Considering changes to comments

Andrew, who designed and hosts my site for me, writes:

The built in WP comments system does a serviceable job, but it could be easier for people to interact–especially since so many come from RSS aggregators.

One relatively simple solution is to replace WP comments with another system like Intense Debate (examples A and B) or Disqus (examples C and D).

Both let you add Facebook and Twitter logins for commenters. They both also add email notifications and reply by email. They work on top of WP comments and sync with the WP database. Disqus is more focused on building a community of comments across the web while Intense Debate tries to create a system of “reputation” among commenters.

I’m fairly cautious about major changes, especially to unfamiliar technology, but thought I would open it up to the people who actually make comments. Please let me know.

11 thoughts on “Considering changes to comments

  1. Requiring logins (even twitter or facebook logins) is a small mental barrier that some people won’t care to bother with. On my own blog I stuck with the WP comments because to me the other systems didn’t have any benefit that outweighed that. I’m not famous and I need to make commenting as easy as possible.

    Of course your mileage may vary.

  2. Incidentally, I am exactly the one who probably would not bother to login. No Facebook, no Twitter. And there are many like me. But actually, you might make us (me and others like me) a favour by requiring login as this would mean less time spent writing comments. :)
    By the way, my own blog is run on local proprietary system of major Slovak newspaper and it requires login for discussions. There are myriads of stupid comments anyway…

  3. I use Disqus on every site I can. I love both the threaded conversations, the ease with with your own comments can be marked as by the moderator, and the option to log in with Facebook or Twitter. And it’s only an option: you can still comment in the same way you can here.

    Also, Andrew is right: it just sits on top of the WordPress comments, not replacing it. It’s not really a major change at all. You can put it in extremely easily and take it out just as easily without losing any comments. And I find the spam capturing to be really good, but then, my sites aren’t as heavily visited as yours.

  4. The biggest benefit to me of Disqus and Intense Debate is that they tend to create a trail for each commenter which helps contextualize their comments, make trolls easier to identify and discourages the extremes.

    But you don’t seem to have much of a problem on those points.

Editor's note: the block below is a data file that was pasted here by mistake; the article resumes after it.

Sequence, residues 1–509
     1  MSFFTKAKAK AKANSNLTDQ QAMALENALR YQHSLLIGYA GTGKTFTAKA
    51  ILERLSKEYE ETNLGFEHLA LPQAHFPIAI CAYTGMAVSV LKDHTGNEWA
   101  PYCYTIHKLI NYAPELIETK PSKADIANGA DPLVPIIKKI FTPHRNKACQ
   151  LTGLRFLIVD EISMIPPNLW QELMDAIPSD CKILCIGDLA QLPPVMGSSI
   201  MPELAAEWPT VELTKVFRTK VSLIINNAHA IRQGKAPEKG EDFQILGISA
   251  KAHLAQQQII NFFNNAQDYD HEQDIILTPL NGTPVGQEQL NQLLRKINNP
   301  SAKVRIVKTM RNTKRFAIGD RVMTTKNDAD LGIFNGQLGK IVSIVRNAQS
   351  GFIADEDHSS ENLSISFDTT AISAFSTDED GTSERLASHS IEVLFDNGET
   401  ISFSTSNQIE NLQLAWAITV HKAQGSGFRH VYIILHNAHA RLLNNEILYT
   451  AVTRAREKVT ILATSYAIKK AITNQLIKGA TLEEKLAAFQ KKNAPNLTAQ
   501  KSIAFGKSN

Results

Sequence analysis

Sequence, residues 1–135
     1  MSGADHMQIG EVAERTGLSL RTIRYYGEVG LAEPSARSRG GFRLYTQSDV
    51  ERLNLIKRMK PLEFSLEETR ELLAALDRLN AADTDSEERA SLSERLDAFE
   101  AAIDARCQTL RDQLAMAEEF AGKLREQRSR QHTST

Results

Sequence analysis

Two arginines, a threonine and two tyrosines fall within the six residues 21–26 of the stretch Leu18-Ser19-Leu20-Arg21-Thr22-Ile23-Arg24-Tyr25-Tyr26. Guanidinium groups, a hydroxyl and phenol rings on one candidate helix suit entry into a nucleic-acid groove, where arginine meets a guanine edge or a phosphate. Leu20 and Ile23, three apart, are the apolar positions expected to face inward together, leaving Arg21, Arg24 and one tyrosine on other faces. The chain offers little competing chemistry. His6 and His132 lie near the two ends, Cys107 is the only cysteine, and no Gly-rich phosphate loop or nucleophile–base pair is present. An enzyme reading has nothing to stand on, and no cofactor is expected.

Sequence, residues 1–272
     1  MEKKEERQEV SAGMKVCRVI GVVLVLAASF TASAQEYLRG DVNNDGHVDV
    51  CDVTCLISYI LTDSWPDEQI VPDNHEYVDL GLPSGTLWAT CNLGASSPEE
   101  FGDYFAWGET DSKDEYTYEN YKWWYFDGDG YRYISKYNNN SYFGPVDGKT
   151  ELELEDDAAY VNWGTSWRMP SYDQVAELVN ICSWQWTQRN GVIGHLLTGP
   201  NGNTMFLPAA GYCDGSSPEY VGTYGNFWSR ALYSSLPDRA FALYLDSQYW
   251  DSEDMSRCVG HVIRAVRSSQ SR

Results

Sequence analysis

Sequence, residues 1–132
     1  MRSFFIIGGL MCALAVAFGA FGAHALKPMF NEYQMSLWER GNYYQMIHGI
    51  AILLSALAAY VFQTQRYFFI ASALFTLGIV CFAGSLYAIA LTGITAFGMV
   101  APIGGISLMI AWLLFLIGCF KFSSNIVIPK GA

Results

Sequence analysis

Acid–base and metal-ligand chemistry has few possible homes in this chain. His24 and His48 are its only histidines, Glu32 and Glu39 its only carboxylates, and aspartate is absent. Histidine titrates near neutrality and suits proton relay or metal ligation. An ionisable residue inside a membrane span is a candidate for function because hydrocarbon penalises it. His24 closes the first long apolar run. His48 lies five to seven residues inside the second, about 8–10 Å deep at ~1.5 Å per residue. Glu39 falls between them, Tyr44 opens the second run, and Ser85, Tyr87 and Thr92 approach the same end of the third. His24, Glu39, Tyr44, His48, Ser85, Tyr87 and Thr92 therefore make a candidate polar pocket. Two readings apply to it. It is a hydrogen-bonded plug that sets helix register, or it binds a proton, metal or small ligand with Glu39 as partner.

5. Tim Ogden pretty much echoes my thoughts. A couple of points I’d add:

    – What are the privacy implications of using these aggregated comment services? For many people, the thought of behavioural tracking is frightening.

    For example, an individual might not want to share with facebook/disqus/the world/etc. that their interests range from international development (non-fiction) to cellphones (consumerism) to fiction and indie music (leisure activities). Another slightly-different example, if someone comments on an organization’s policies on a blog, and later applies for a job there, is that person comfortable allowing that organization to track all those comments?

    – Is there a substantial “ease of use” benefit to you or the commenters?

    For example: a. Do either of these options allow commenters to write in comments without visiting the website? b. Does using these systems lessen the load on you in identifying spam/reasonable comments for approval?

  6. I hate Disqus and don’t comment on blogs that use it. It’s a bitch to create an account that isn’t linked to your real name, and it does not disclose how it uses the information scraped out of your Facebook account.

    Please don’t make this a de facto Facebook / Twitter mandatory comment section.

    As a reader, I like the wordpress comment tools. I always assumed that the alternatives are for data harvesting, not for reader benefit.

  7. I second this. I used Disqus on my own blog and encountered irritating duplicated comments and degraded user experience reported by a couple of my readers. I can’t speak toward any other systems, though. Since I’m a Twitter/FB user, I’m unconcerned with logins, but I can sure see why others would feel differently.

  8. The fact that Disqus alerts you when someone replies to you is nice and keeps people engaged (because who really remembers to check comment replies?), but it’s kind of bulky and that’s annoying. Also, I’d seriously advice against anything that forces people to create an account — even though I have a lot of accounts, I don’t like using them. It’s useful when a blog gets a ton of comments and most of them are BS, but your blog is small/specialized enough that the quality of comments is very good regardless.

  9. As far as Disqus goes, I’ve never signed up after the first screen popped and told me it would be able to send Twitter messages on my behalf…? Why would that ever be necessary? What does that have to do with posting comments? Can anyone enlighten me? Who was the ad-whiz who came up with that one? Even if someone gives in to data-mining, that seems very strange.

  10. I comment quite a bit at Wonkette. Their switch to Intense Debate has been pretty rough with comments disappearing for hours at a time or showing up on the user’s dashboard page but not in the comment stream. Once someone is registered with Intense Debate he is able to comment on all the sites that use it–shouldn’t be a problem here but it allows trolls a free field.